How do the House and Senate operate differently?

With four times more members than the Senate, the functioning of the House is far more controlled and formal. For instance, before the legislation comes before the House, more often than not, it will be considered before a committee, but in the Senate, this step is easily bypassed. The House usually limits its debate times to one hour, but in the Senate, the discussion is not time restricted. Senators may speak on issues other than the bill under consideration during speeches, and any amendment can be introduced.

Party leaders and committees function differently in the House and Senate. With 435 members, there’s no time for everyone to have their say in the lower chamber, so the House elects a Speaker who holds great power. The Speaker of the House is currently Nancy Pelosi, who announced that she would be stepping down from party leadership. She also influences the House Rules Committee in deciding which legislation will be considered.

In the Senate, the Majority Leader takes on a similar position to the Speaker but is not vested with the same powers and decides which bills will be brought to the floor for a vote.

The Senate also differs from the House in that a bill must receive at least sixty votes to pass, not a simple majority. Bills passed through a parliamentary process known as reconciliation can pass with a fifty-one vote majority, but the number of bills of this nature that can be taken up per year is limited. The Democrats have passed two major bills, the American Rescue Acy and the Inflation Reduction Act, under reconciliation during President Biden’s term. Under Donald Trump’s tenure, the Senate used the process to pass the 2017 Tax Cuts and Jobs Act, which made many changes to the country’s tax code, including lowering the corporate tax rate to a historically low level.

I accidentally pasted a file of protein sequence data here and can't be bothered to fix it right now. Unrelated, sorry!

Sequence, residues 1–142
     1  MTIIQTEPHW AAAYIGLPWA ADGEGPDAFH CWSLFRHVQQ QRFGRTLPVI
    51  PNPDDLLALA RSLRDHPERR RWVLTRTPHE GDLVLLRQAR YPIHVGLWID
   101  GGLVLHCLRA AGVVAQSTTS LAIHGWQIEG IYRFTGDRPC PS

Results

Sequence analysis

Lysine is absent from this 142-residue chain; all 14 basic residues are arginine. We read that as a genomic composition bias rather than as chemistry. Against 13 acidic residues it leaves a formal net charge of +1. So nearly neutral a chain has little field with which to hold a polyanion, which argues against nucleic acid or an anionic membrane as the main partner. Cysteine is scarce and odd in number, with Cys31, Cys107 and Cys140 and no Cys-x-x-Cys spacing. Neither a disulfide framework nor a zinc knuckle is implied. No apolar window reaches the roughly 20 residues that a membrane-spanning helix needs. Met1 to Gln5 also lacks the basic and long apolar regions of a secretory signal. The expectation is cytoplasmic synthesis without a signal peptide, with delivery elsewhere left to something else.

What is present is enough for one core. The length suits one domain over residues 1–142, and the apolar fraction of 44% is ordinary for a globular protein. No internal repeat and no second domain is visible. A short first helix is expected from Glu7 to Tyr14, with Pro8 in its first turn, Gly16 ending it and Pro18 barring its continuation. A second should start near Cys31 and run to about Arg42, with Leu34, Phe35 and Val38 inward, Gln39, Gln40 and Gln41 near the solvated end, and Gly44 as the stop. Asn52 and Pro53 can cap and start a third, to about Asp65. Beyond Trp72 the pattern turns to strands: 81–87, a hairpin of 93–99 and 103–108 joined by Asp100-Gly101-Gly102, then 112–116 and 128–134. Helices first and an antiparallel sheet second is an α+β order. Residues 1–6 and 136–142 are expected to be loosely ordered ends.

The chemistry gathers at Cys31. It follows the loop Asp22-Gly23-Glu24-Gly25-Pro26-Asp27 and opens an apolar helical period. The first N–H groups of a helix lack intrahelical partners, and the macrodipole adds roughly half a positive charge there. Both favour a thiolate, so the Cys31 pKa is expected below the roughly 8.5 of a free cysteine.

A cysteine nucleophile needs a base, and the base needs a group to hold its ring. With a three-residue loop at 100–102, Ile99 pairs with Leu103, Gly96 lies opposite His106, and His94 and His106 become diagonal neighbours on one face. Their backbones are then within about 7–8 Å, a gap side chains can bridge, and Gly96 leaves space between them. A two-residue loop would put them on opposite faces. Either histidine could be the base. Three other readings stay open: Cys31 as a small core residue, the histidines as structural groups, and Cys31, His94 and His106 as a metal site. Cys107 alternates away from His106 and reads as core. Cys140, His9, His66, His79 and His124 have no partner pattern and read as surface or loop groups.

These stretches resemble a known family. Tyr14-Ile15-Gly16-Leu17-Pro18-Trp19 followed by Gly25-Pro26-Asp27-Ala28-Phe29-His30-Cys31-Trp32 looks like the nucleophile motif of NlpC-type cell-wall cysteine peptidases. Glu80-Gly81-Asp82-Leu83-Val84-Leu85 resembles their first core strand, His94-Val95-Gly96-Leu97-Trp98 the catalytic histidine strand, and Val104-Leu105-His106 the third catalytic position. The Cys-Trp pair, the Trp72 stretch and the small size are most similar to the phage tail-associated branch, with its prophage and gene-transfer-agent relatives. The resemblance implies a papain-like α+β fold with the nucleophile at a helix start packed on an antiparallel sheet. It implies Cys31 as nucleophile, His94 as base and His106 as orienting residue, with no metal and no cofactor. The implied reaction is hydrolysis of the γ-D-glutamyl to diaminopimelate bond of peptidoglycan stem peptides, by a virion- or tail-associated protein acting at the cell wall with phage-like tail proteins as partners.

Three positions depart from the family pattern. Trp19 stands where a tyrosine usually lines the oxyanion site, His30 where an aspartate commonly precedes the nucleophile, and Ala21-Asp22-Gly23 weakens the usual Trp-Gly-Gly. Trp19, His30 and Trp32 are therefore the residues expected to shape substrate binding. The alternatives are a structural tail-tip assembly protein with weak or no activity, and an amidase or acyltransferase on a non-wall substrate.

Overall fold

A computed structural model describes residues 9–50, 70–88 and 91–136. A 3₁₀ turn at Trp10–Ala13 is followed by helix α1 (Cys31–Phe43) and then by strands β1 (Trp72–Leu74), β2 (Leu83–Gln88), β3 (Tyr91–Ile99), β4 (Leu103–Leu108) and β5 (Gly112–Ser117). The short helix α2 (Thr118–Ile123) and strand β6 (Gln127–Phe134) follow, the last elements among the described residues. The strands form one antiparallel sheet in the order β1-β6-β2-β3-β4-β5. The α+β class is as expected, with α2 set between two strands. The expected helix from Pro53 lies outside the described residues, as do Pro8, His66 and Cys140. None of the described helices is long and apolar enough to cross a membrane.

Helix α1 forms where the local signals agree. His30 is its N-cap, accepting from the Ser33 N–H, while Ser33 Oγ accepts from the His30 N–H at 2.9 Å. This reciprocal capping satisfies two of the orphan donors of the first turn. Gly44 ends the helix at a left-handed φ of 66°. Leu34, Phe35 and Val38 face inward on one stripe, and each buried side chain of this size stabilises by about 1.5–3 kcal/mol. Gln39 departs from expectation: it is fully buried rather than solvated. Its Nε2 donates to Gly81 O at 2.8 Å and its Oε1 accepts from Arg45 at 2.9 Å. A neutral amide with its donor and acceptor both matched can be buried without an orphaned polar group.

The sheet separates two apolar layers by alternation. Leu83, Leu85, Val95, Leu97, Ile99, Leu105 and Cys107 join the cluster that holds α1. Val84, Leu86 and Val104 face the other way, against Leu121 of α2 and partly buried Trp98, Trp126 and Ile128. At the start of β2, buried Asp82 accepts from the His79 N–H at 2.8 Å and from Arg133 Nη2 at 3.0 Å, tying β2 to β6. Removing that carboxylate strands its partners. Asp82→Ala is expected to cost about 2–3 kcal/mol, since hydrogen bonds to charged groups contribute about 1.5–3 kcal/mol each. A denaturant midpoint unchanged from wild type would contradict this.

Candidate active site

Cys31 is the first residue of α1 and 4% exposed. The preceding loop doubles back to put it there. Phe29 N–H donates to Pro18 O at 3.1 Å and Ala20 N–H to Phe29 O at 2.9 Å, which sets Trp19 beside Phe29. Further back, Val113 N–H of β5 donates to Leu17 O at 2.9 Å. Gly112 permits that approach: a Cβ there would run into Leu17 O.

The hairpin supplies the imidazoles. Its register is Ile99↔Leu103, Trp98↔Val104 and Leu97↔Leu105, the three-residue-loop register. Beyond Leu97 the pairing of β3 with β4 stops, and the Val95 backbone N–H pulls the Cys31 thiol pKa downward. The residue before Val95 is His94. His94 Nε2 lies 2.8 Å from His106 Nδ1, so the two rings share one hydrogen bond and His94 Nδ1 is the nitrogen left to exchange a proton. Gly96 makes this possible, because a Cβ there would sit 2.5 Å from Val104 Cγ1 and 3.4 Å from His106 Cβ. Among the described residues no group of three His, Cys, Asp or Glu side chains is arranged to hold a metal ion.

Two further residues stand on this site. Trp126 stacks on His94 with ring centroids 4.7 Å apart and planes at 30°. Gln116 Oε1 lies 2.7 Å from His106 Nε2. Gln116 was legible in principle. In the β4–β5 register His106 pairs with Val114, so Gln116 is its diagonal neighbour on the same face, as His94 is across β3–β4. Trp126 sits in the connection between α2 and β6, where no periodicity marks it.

What are the powers and roles of the House and the Senate?

Both chambers are reliant upon the other when it comes to passing laws. When a new law is written, it’s either accepted or rejected by a committee. If the bill gets approval by the committee it then gets reported to the floor of the House or Senate, and the relevant chamber gets to decide when to schedule the session for consideration, if at all. Then if it passes the first consideration, it needs to also pass in whichever happens to be the other chamber to be signed into law by the president. So if a bill is first considered in the House, it later goes to the Senate to be passed and vic-a-versa.

Currently, Democrats control both chambers of Congress, but come January, the GOP will have a majority in the House. On 6 December, Senator Raphael Warnock was re-elected, giving Democrats a 51 vote majority in the chamber.

The Senate has unique powers compared to the House and, for this reason, is often considered more prestigious. Senators approve presidential nominations, such as Supreme Court justices. The Senate also has the power to approve treaties with foreign countries.

In general, the House tends to be more concerned with taxes and spending, awarding it a lot of influence when it comes to the national purse.